Turkey's highest court has voted to hear a case to close down the country's ruling party, in a move that looks set to open the bitterest bout yet in a 50-year war pitting popularly-elected governments against the secular establishment.
The Constitutional Court's unanimous decision comes a fortnight after a prosecutor charged the ruling Justice and Development Party (AKP) with trying to turn Turkey into a country that "takes religion as its reference" and demanded political bans on the prime minister Recep Tayyip Erdogan and the president Abdullah Gül.
The offshoot of an Islamist party closed down by courts in 1998, the conservative AKP has a month to prepare its defence. With the closure case likely to last at least six months, many fear it will now have neither the time nor the inclination for reforms aimed at strengthening the country's still-flawed democracy and economy.
Senior European figures pointedly warned Turkey over the weekend that outlawing AKP could jeopardise the country's struggling European Union accession bid. A few days earlier, Turkish business leaders called for compromise to avoid even deeper political turmoil. But with some analysts describing the current tensions as the end of Turkey's Cold War, the signs are that both sides may be preparing to fight to the end.
The indictment on 14 March was just the latest attempt by secularists to trip up a party that came to power in 2002 and was re-elected with 47 per cent of the vote last summer. There were two foiled coup attempts in 2004, and a veiled threat of military intervention last year.
Judicial investigations into a secularist-nationalist gang charged with "provoking armed rebellion against the government" picked up speed last week with the arrest of a prominent secularist journalist and the leader of a left-wing party. The gang is alleged to have had a role in the murder of a High Court judge in 2006 that triggered a secularist backlash culminating in last spring's massive demonstrations against the AKP.
For all his fondness for comparing the pious Turks who make up his party's core supporters to "America's blacks", Mr Erdogan is no Martin Luther King.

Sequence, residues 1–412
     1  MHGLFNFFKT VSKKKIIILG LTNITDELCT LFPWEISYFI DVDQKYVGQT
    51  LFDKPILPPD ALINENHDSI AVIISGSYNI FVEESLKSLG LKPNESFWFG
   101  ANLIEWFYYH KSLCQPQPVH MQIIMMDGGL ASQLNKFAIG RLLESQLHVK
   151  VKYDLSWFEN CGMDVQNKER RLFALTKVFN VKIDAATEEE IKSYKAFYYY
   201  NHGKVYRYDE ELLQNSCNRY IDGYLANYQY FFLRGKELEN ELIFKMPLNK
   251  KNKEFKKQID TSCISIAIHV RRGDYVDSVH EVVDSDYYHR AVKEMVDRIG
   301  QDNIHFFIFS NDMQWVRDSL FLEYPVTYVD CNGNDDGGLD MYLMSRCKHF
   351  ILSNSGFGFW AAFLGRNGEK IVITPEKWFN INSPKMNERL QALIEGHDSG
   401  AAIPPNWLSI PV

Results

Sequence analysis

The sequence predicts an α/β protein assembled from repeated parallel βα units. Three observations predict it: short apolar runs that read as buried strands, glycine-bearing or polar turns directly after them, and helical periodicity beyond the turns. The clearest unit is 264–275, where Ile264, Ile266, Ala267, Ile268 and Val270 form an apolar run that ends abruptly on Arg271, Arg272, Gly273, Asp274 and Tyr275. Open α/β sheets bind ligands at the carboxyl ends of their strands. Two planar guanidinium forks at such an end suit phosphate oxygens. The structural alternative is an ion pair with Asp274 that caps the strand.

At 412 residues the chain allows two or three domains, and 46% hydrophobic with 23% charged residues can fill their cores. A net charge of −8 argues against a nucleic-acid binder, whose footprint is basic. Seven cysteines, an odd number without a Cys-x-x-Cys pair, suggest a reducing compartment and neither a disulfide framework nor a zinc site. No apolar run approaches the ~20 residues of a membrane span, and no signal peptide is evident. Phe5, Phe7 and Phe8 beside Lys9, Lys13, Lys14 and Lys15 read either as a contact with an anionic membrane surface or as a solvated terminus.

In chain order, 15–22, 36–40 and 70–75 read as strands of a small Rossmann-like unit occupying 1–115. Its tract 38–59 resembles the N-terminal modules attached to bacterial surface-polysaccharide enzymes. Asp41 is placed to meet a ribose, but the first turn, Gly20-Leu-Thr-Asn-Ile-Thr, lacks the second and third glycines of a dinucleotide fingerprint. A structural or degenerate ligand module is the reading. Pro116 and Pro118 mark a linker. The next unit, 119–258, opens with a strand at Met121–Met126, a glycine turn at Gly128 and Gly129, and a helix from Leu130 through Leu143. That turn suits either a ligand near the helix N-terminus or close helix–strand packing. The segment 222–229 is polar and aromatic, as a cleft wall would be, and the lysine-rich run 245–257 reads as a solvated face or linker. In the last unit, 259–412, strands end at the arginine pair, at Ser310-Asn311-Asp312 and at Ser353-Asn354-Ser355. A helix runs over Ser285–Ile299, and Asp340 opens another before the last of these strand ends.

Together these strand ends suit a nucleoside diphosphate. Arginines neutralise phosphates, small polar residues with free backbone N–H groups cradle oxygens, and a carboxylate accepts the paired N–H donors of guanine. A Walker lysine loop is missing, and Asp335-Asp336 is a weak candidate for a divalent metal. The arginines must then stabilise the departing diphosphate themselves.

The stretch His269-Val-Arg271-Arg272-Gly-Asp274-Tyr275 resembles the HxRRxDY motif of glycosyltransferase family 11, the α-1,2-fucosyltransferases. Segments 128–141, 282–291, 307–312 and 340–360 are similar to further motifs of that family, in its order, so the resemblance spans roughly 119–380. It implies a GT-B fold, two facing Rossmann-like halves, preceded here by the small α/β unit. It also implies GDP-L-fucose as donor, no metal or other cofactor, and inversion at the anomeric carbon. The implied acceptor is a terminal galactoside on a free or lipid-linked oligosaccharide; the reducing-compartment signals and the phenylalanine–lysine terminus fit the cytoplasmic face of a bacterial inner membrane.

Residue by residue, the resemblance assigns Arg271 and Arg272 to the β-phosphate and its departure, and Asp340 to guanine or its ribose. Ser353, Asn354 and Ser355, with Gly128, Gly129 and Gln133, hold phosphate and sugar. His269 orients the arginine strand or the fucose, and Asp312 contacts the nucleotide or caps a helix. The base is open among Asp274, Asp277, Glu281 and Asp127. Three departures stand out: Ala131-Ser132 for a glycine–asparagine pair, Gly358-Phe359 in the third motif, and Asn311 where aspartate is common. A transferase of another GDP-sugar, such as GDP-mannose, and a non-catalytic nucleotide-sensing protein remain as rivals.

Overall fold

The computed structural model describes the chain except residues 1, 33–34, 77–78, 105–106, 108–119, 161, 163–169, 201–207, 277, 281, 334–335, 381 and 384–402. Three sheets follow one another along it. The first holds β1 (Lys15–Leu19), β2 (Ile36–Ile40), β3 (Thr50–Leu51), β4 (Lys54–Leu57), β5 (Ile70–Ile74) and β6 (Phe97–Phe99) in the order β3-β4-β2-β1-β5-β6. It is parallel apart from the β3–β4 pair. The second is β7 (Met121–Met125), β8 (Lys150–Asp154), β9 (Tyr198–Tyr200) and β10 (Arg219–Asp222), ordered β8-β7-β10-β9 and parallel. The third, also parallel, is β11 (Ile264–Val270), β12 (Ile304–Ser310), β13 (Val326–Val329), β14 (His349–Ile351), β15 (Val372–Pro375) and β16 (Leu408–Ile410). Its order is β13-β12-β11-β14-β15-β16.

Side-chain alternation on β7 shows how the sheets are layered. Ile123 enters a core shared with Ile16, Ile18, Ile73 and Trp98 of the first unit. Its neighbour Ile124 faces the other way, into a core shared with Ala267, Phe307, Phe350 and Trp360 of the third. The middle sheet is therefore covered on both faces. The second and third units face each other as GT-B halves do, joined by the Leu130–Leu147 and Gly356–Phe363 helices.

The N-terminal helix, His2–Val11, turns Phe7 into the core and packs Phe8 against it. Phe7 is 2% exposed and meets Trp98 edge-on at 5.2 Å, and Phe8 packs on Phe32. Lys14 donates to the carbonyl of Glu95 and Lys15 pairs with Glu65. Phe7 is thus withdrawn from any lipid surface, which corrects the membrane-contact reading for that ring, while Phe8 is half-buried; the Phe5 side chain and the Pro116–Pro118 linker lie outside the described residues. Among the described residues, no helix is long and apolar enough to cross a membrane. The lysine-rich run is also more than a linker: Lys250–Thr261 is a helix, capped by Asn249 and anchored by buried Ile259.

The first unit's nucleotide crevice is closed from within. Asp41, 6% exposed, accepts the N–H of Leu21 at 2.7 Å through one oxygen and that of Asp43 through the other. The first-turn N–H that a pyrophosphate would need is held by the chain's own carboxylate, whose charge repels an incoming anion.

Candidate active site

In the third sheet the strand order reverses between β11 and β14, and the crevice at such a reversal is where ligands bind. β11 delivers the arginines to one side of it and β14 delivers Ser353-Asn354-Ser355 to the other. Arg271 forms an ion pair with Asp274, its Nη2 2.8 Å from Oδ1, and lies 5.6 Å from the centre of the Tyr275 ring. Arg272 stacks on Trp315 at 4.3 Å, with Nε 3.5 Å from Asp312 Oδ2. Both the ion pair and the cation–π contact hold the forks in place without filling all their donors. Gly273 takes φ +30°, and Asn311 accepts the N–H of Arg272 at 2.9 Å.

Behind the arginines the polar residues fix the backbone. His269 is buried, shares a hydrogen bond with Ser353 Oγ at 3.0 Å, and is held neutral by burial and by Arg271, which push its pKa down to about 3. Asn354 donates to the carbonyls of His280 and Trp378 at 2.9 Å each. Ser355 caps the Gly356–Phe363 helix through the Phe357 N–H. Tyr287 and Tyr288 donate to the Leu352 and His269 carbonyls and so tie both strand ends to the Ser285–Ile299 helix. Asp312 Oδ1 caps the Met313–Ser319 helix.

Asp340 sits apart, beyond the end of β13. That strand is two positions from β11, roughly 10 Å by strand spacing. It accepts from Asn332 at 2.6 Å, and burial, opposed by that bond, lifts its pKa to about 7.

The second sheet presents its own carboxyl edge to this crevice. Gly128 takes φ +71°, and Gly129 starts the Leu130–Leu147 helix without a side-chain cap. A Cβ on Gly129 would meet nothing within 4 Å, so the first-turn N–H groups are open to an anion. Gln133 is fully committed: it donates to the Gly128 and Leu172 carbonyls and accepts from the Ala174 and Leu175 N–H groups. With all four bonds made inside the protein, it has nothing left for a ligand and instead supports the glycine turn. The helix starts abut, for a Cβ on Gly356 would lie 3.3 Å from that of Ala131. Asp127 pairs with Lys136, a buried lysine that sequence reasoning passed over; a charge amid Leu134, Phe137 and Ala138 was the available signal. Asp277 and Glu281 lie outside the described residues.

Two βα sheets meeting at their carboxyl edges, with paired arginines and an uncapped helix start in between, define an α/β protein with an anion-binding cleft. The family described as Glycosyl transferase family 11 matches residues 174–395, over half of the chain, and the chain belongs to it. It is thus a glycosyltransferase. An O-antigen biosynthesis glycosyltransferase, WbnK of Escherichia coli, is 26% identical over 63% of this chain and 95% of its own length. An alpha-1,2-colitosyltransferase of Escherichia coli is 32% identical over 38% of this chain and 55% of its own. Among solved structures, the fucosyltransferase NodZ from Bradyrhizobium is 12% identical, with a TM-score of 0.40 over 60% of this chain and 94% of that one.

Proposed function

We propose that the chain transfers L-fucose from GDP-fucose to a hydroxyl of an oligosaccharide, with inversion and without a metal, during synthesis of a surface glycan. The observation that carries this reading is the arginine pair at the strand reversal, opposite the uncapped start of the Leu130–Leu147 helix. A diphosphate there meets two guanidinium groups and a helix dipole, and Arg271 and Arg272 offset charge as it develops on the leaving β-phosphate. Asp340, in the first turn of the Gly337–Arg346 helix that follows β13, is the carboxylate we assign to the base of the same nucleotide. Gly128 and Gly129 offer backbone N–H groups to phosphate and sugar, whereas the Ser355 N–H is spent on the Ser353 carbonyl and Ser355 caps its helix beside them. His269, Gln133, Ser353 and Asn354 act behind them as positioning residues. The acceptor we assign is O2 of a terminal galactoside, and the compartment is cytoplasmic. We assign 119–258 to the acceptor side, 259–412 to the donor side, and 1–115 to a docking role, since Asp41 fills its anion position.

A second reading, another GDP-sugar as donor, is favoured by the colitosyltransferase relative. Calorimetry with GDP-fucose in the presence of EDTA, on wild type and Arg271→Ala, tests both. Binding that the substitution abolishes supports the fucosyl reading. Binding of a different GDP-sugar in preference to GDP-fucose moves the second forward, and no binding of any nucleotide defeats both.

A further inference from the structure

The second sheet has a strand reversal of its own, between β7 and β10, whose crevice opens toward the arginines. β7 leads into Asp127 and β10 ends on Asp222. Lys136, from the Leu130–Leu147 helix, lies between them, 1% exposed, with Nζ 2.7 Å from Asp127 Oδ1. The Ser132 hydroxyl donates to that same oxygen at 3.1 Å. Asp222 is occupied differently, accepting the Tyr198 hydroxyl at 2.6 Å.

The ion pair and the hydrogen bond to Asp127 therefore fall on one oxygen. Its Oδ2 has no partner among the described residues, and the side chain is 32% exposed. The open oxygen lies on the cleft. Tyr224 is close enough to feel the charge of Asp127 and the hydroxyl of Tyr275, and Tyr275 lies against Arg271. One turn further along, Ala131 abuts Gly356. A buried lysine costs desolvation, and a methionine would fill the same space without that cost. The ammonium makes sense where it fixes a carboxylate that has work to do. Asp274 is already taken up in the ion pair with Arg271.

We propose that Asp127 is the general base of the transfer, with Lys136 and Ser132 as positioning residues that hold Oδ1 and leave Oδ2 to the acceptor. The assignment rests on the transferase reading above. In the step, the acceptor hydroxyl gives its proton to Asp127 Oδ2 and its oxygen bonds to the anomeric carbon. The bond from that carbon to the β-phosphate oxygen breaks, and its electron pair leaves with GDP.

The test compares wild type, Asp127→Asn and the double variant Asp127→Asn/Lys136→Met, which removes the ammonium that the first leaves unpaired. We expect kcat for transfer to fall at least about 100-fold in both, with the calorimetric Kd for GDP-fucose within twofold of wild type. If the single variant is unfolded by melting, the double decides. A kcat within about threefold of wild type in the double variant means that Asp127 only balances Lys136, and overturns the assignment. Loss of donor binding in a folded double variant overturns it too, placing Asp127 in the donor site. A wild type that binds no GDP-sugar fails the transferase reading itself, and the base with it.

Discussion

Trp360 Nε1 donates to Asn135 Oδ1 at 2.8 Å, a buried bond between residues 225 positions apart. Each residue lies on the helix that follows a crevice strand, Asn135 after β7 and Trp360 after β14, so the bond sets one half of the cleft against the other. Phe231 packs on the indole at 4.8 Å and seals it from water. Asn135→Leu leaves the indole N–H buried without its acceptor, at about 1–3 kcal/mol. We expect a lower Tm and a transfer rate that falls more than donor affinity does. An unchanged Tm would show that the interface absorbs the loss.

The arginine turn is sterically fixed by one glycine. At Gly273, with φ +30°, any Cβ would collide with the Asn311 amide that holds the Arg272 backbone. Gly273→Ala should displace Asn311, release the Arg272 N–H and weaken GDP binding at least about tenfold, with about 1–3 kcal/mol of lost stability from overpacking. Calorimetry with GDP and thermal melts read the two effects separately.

Speaking a day after the indictment, he called it a "move against the national will", and – apparently alluding to the prosecutor – cited a Koranic verse that compares unbelievers to "beasts".
"There is hatred in Erdogan's eyes these days", said Cuneyt Ulsever, an analyst who knows the prime minister personally. "He seems to be out for revenge."
Most analysts argue that, barring an unlikely compromise with uncompromising secularists, the only path that the AKP can now take is to prove the emptiness of the prosecutor's case in court.
But senior figures in the government appear convinced the court will rule against them regardless of their defence.
With the future of their party – and, in many ways more importantly, their charismatic leader – in doubt, they appear to be mulling plans to change the constitution to make it more difficult to close parties down.
Analysts say the move is legally dubious and politically very dangerous. Failure to get enough votes in parliament could tempt the government to take the constitutional amendment to a referendum, and that would risk being interpreted as a referendum on secularism.
"I do not think this country would be able to carry that sort of tension", said the political analyst Cengiz Aktar, giving voice to a fear in many Turks' minds these days.
"A referendum could spark a real coup d'etat, not just the judicial one we've been presented with today."Reuse content